(A) Schematic representation of the protein primary structure of PST15391 and PST18447. Yellow: predicted signal peptide for secretion; red: amino acid sequence necessary for nuclear accumulation; blue: positively charged residues (net charge is indicated in parentheses). Numbers indicate amino acid positions. (B) Live-cell imaging of GFP-PST15391, GFP-PST15391Δ9CT, GFP-PST18447, and GFP-PST18447Δ8NT in N. benthamiana leaf cells. The cellular compartments in which the GFP signal accumulates are indicated. The left-hand side panel shows overlay images of bright field, chlorophyll, and GFP channels. The central panel shows GFP channel images. The right-hand side panel shows fluorescence intensity plots of the GFP along the line from a to b depicted in corresponding central panel images. Proteins were transiently expressed in N. benthamiana leaf cells by agroinfiltration. Live-cell imaging was performed with a laser-scanning confocal microscope two days after infiltration. GFP and chlorophyll were excited at 488 nm. GFP (green) and chlorophyll (blue) fluorescence were collected at 505–525 nm and 680–700 nm, respectively. Images are single optical sections of 0.8 μm or maximal projections of up to 3 optical sections (max. z-stack of 2.4 μm). White arrowheads: nuclei; black arrowheads: cytosol.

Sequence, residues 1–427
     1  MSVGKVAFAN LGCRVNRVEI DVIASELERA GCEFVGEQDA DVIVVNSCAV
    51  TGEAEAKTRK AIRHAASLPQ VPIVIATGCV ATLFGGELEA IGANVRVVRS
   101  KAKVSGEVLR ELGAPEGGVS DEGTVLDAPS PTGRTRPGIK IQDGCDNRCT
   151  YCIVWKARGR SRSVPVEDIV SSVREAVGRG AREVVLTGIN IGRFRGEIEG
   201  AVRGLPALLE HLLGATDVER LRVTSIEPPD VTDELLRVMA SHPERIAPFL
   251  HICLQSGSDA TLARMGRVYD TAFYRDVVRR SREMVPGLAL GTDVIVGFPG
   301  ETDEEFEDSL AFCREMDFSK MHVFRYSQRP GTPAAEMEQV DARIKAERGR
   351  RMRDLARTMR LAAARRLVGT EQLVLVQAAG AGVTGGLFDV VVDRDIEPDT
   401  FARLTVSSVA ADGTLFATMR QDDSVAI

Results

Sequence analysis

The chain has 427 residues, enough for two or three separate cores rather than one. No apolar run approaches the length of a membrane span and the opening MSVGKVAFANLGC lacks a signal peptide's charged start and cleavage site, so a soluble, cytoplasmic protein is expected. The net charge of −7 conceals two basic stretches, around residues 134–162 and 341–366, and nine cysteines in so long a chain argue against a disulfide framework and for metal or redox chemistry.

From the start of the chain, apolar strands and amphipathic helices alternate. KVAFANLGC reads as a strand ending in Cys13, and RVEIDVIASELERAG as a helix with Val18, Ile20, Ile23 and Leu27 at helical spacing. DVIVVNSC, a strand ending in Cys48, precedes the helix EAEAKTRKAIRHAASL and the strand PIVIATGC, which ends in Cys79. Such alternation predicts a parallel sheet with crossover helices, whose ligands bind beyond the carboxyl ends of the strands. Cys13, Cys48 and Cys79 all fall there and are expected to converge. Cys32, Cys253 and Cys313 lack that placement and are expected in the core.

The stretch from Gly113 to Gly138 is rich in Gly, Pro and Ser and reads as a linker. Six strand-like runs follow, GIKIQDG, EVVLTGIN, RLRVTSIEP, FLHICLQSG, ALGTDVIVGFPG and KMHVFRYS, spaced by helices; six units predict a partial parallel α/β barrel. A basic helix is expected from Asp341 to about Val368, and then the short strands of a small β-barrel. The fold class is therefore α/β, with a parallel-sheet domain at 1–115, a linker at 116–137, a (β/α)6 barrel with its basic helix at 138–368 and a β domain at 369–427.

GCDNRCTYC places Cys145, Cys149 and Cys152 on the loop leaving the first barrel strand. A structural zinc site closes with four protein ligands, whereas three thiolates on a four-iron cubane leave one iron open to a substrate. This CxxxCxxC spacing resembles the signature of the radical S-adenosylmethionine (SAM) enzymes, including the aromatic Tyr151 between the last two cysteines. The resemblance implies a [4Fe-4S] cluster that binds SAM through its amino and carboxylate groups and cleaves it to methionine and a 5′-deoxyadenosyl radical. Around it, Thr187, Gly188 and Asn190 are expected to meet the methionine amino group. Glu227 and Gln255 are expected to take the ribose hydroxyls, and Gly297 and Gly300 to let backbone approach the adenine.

Six candidate effectors specifically and reliably associate with plant proteins